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The OSC recently released new guidance around the use of industry investment awards in the promotion of mutual funds.

Peter Power/The Globe and Mail

Popular fund rater Morningstar Inc. is hoping to convince Ontario's investment regulator it has gone too far in its decision to ban the use of subjective awards in advertising.

Last month, the Ontario Securities Commission completed a review on the industry's advertising and marketing material and released new guidance around the use of industry investment awards in the promotion of mutual funds. Key to the issue is whether an award has quantitative or qualitative measures behind its methodology.

Quantitative measures would include raw numerical data – such as performance numbers – while qualitative measures would have more subjective content, such as the opinion of a jury panel.

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As a result of the review, the use of awards in advertising are now subject to mutual fund regulation – National Instrument 81-102 – that prohibits fund companies from using any performance rating of a fund that is based partially on a subjective component.

Who is directly affected by the guidance isn't being spelled out by regulators publicly. Instead, investment fund managers are being encouraged to reach out to OSC staff regarding sales communications to discuss any questions.

The main investment award providers for Canadian funds are Morningstar Inc., Fundata Canada and Lipper Inc., which is a division of Thomson Reuters, and the selection process differs depending on the provider.

For starters, none of the three providers charges fund companies a fee to be considered for an investment performance award, but Fundata does have a fee to be listed on their research database, which currently has more than 17,500 Canadian funds.

For a separate group of submission-based awards (such as the Career Achievement Award), Morningstar requires a charitable donation to the MusiCounts organization, which helps fund school music programs.

While many investment awards are based solely on investment performance, for popular rating entity Morningstar it's a different story. These awards are more subjective than its peers. While the funds do have a minimum quantitative screen, there is a jury panel making the final decision – an aspect Morningstar CEO Scott Mackenzie says is a key component of what investors should be looking for in an award.

"The qualitative aspect is so valuable and we have the best analysts in the country evaluating these funds," says Mr. Mackenzie, who is currently meeting with the OSC to discuss the guidance.

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The fund awards cover mutual funds, exchange-traded funds, hedge funds and pooled funds, with separate juries devoted to each product type. To qualify, all funds must have a three-year track record earned with the same investment mandate and under the same portfolio manager. The jury panel is made up of a combination of Morningstar fund analysts and third-party fund analysts from across the country.

Analysts are then asked to submit three nominees for each category, and a rationale to support each nomination. Analysts are not allowed to nominate funds with which they are in any way affiliated. An open discussion forum with all analysts is then held to review the nominations before the analysts cast their final votes.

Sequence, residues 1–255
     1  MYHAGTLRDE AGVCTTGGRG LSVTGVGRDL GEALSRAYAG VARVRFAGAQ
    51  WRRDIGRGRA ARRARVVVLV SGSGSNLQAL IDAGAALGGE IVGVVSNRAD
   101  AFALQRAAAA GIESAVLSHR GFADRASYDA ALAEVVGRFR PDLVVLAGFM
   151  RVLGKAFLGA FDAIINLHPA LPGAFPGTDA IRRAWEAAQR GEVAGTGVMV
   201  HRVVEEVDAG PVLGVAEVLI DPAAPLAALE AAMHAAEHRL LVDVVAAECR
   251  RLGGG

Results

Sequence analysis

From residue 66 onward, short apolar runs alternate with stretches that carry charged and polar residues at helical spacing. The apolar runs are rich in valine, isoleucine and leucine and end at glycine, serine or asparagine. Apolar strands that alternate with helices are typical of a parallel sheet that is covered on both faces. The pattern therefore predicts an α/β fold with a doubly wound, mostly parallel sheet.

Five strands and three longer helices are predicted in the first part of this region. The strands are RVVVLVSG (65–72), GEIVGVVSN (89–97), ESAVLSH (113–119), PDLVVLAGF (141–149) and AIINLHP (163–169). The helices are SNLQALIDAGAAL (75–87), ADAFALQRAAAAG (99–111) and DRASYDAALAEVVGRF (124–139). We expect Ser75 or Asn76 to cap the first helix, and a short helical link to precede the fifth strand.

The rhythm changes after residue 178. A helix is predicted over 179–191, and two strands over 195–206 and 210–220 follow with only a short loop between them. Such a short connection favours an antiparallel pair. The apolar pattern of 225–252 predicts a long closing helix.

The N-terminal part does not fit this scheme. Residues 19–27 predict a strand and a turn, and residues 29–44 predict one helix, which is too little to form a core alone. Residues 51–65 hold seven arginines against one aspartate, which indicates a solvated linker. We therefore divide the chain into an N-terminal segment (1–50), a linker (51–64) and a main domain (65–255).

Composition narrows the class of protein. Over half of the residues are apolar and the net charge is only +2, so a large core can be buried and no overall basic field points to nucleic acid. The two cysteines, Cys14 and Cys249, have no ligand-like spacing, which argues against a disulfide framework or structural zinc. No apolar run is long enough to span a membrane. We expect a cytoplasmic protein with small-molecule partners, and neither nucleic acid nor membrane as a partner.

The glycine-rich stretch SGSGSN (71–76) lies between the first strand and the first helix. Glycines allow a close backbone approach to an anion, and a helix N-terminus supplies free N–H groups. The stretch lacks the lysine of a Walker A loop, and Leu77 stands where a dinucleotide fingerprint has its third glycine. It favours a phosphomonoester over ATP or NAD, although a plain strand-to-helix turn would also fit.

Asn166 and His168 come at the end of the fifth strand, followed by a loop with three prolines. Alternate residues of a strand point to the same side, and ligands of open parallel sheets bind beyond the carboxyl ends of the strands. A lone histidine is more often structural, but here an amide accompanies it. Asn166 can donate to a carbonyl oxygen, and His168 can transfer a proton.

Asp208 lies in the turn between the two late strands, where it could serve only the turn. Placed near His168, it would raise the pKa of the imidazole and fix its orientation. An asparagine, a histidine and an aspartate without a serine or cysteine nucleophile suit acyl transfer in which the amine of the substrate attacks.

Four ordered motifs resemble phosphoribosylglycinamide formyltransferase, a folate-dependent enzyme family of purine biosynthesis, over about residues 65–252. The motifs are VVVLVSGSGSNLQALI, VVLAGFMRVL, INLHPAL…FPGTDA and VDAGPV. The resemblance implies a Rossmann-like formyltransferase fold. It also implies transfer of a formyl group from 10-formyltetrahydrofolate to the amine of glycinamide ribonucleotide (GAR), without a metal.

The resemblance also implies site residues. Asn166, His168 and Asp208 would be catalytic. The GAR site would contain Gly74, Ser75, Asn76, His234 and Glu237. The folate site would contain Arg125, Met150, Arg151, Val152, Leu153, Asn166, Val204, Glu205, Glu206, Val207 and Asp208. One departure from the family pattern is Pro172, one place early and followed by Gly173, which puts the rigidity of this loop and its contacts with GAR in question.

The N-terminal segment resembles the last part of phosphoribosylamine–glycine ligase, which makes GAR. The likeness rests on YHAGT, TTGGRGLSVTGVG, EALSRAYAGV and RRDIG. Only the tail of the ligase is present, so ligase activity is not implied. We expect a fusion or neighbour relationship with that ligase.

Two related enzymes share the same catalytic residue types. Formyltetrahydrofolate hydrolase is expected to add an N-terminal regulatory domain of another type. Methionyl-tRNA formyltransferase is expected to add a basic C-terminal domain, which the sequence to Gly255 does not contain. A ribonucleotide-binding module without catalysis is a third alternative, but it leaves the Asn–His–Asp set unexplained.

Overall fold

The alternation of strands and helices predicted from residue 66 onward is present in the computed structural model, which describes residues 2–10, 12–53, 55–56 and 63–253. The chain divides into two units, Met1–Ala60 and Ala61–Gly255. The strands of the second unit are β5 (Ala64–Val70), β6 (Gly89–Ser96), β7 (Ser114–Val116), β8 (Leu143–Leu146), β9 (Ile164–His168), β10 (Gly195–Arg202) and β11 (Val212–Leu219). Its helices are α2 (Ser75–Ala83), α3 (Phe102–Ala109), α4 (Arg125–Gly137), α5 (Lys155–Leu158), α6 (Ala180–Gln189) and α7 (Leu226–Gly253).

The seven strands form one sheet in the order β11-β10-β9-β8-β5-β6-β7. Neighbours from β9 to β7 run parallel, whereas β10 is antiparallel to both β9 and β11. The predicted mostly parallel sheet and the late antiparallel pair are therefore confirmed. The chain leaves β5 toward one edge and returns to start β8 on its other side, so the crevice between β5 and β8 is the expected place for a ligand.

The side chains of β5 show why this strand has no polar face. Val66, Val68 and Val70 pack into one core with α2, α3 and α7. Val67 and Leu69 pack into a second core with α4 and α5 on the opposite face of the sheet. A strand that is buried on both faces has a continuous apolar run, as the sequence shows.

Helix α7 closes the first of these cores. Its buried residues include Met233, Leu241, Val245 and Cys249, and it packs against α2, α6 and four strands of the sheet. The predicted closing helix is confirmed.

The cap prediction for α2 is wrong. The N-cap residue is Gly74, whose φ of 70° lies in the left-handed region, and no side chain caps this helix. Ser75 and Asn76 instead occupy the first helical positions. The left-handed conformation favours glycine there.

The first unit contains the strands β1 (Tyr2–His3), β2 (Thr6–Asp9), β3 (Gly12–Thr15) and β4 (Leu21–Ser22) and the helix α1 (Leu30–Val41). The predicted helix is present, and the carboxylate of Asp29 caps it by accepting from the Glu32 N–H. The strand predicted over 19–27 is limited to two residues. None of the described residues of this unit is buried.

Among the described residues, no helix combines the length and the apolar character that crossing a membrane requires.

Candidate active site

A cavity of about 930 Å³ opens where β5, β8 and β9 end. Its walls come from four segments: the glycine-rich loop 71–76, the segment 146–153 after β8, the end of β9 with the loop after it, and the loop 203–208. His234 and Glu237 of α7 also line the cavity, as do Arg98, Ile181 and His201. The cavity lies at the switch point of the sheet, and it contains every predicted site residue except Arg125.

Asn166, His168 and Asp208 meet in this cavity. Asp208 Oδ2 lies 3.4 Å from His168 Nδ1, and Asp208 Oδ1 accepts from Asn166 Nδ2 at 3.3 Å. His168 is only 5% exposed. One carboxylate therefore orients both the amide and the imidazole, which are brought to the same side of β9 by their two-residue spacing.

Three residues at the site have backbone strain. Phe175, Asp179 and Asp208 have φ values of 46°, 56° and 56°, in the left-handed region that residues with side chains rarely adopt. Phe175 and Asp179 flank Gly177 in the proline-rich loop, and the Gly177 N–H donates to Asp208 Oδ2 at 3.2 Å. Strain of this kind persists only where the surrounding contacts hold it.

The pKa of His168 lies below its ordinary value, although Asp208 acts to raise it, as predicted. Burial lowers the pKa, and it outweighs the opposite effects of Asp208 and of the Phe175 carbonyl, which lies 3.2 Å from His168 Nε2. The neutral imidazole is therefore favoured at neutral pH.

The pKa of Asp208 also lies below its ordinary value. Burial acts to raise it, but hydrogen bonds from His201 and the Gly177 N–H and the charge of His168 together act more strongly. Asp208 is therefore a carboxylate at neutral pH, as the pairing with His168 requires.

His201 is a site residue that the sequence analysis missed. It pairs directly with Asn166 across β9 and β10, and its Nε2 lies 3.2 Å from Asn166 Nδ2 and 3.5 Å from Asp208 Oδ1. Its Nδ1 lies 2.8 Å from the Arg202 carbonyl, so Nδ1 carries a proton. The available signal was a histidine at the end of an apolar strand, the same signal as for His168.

"We are all for the quantitative screens – we have a whole business built around data-intensive information, and of course we look at performance – but let's also look at other factors such as fees, the manager process, style consistency and tax efficiency," says Mr. Mackenzie. "None of these other factors are considered in typical performance screens."

The practice of advertising investment awards has been used in the industry for more than two decades, and should require regulatory oversight, but not in the manner in which the OSC is currently doing so, says David O'Leary, former chair of the Morningstar Canadian Investment Awards Committee.

"It is perplexing that the OSC would interpret an award this way," says Mr. O'Leary. "The evaluation of these factors is inherently a subjective exercise. You simply cannot reduce the evaluation of something like the quality of a manager's investment process to purely quantitative factors."

Both the Fundata FundGrade A+ Awards and Lipper Fund Awards are based more on quantitative measures – determined by each entity's own proprietary rating system – and appear not to be affected by the new guidance.

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"We have had a few questions coming from fund companies and we are communicating that, based on our interpretation, we are entirely quantitative and objective, so to us it appears we meet the requirements," says Reid Baker, director of analytics and data for Fundata.

Fundata ranks investment funds on a monthly basis using an alphabetical grading system from A to E. FundGrades of "A" classify the top 10 per cent of performing Canadian funds, while "E" classifications indicate the bottom 10 per cent.

At the end of the calendar year, all funds that have been in existence for at least two years will be handed an overall "GPA" score. The score is calculated by all monthly grades, with an A grade receiving a score of 4 and the E grade receiving a score of 0. Those funds with a credit score of 3.5 or higher will be awarded an A+ rating – which is commonly advertised to investors on how well a fund has performed.

The Lipper Awards recognizes all Canadian funds with consistent strong risk-adjusted performance relative to their peers. Awards for individual funds are handed out for three-, five- and 10-year periods, as well as for fund families with high average scores for all funds within a particular asset class or overall.

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